Predator robots are evolving at the Ecole Polytechnique Fédérale of Lausanne; they are learning from the prey robots, natch. Darwinian selection, which was good enough for us, turns out to be good enough for them as well.
Just a few hundred generations of selection are sufficient to allow robots to evolve collision-free movement, homing, sophisticated predator versus prey strategies, coadaptation of brains and bodies, cooperation, and even altruism. In all cases this occurred via selection in robots controlled by a simple neural network, which mutated randomly.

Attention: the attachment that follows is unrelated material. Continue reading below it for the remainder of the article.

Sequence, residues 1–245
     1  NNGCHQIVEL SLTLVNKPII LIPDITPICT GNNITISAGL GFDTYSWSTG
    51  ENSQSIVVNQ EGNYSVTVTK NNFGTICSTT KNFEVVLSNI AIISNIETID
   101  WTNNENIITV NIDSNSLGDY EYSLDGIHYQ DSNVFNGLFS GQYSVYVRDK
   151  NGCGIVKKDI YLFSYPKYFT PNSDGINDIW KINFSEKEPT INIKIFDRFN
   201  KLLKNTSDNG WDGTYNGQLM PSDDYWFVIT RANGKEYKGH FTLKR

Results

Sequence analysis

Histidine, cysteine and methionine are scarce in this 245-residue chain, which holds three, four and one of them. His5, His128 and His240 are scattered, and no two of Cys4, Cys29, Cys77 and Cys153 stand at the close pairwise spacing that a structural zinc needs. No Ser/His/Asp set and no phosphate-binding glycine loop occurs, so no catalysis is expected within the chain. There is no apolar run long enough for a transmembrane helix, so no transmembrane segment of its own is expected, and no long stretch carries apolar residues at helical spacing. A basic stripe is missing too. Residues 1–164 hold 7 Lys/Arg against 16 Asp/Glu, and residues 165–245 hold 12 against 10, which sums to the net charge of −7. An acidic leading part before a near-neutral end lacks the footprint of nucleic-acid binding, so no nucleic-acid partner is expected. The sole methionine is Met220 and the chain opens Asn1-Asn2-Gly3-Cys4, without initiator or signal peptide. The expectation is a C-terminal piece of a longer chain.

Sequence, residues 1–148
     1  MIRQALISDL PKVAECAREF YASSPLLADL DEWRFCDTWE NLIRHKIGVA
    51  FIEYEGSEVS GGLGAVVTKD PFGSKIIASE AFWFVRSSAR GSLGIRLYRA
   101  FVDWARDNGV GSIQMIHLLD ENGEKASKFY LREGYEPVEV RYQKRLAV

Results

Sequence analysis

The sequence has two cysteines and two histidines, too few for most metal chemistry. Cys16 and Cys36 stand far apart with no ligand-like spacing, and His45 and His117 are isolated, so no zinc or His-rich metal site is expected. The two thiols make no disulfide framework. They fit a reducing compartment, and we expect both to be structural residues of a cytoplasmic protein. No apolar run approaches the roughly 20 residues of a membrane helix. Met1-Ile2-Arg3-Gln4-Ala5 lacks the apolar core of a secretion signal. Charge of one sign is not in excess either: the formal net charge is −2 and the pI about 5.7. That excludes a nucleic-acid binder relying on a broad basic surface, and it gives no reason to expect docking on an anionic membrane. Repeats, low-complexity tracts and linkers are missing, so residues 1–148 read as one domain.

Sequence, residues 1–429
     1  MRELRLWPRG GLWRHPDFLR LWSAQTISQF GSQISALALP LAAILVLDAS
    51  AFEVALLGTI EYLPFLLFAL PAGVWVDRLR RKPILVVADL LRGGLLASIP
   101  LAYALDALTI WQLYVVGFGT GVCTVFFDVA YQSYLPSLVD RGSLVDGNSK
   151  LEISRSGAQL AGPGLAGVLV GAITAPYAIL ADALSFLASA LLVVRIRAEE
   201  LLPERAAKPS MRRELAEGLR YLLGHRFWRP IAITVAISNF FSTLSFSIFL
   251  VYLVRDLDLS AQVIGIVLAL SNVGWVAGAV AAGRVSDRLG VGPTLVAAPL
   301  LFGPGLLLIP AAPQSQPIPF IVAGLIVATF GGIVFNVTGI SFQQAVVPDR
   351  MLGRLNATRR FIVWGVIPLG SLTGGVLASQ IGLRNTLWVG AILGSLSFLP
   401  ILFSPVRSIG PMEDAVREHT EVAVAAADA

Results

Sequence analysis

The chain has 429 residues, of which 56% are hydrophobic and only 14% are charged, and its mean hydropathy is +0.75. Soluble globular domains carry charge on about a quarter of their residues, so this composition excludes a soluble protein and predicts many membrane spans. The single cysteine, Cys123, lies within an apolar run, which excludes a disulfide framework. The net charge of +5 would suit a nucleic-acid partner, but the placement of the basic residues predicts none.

(Predator, Prey robots evolve with each other)
Although the idea of evolving robots has been around for a while, we can watch anew what happens when robots are given a little help along the evolutionary path. Take the precursor series Caprica, for example. Did human beings help bring the Cylons into existence? Say it ain't so.
(Caprica video log)
The researchers at the Ecole Polytechnique Fédérale have a choice to make - let's hope they make it wisely.
(Zoe from Caprica - the choice is made)
From Crunchgear; thanks to Moira for the tip and references for this story.
Scroll down for more stories in the same category. (Story submitted 2/3/2010)